Are today’s colleges and universities hostile environments for Christian students? Do our institutions of higher learning value the open pursuit of truth, or does indoctrination rule the day? What can churches and Christian parents do to better prepare students for the challenges they’re likely to face on increasingly-secular campuses? Shane Rosenthal discusses these questions and more with Dr. Michael J. Kruger, president of Reformed Theological Seminary in Charlotte NC, and author of Surviving Religion 101: Letters to a Christian Student on Keeping the Faith in College.
I think we’ve been used to living in a country for so long that was favorable to Christianity, that we’re just not prepared for a world that’s not. Christians in the second century didn’t have the luxury of living in a country that was in their corner. They had to make the case for Christianity in a more sophisticated way because they lived in such a hostile world. We’ve lost that. You could argue that we have gotten a little flabby around the middle. There is nothing like a new fitness regime to get you back in shape and I think the Christian church desperately needs this in our day.Michael Kruger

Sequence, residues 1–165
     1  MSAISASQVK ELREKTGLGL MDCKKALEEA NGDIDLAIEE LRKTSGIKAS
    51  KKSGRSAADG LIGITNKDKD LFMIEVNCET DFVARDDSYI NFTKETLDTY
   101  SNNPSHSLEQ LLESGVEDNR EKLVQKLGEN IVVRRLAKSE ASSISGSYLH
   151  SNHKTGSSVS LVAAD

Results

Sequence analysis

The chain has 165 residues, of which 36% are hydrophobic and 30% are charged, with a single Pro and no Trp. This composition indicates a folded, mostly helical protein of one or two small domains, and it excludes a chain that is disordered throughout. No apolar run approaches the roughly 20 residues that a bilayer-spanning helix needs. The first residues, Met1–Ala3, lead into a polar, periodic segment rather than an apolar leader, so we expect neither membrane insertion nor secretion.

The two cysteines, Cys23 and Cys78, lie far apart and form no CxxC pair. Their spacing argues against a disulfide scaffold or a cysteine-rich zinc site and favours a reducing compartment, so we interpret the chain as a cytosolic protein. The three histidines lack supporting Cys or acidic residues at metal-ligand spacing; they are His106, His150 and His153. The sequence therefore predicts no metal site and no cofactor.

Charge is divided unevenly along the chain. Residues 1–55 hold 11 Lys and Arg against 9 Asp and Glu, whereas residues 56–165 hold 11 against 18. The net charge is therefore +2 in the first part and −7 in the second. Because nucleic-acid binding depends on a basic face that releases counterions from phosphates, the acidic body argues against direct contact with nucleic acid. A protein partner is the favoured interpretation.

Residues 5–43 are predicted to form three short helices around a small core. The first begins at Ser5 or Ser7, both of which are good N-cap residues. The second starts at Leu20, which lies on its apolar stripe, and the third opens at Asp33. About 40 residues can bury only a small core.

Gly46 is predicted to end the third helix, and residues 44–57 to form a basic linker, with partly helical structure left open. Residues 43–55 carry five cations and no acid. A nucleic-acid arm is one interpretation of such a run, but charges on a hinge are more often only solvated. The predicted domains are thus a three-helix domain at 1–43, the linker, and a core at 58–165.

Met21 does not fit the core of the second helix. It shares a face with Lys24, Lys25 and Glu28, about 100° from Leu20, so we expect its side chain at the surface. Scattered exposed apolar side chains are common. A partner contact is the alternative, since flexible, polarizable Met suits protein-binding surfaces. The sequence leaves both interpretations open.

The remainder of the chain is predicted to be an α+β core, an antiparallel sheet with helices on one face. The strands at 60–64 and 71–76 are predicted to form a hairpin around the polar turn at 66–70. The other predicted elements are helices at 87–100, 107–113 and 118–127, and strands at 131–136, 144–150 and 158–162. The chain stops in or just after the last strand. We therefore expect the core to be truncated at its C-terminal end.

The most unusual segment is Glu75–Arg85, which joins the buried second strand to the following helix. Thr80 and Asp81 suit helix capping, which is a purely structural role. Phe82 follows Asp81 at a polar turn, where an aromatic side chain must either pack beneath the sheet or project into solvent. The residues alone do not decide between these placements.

Surviving Religion 101: Letters to a Christian Student on Keeping the Faith in College
Author: Michael Kruger
Drawing on years of experience as a biblical scholar, Michael Kruger addresses common objections to the Christian faith—the exclusivity of Christianity, Christian intolerance, homosexuality, hell, the problem of evil, science, miracles, and the reliability of the Bible. If you’re a student dealing with doubt or wrestling with objections to Christianity from fellow students and professors alike, this book will equip you to engage secular challenges with intellectual honesty, compassion, and confidence—and ultimately graduate college with your faith intact.
The Ten Commandments of Progressive Christianity
Author: Michael Kruger
“Not long ago, I came across a list of ten principles set forth by proponents of progressive Christianity. They are, in effect, a new Ten Commandments. What’s striking is that they are far less about God revealing his desires and far more about man expressing his own—less Moses, more Oprah. Yet each of these commandments is partially true. Indeed, that is what makes this list, and progressive Christianity as a whole, so challenging. Half-truths can sound quite appealing until you recognize their foundations and implications. In this booklet, I diagnose and critique each of these tenets and offer a brief biblical and theological response.”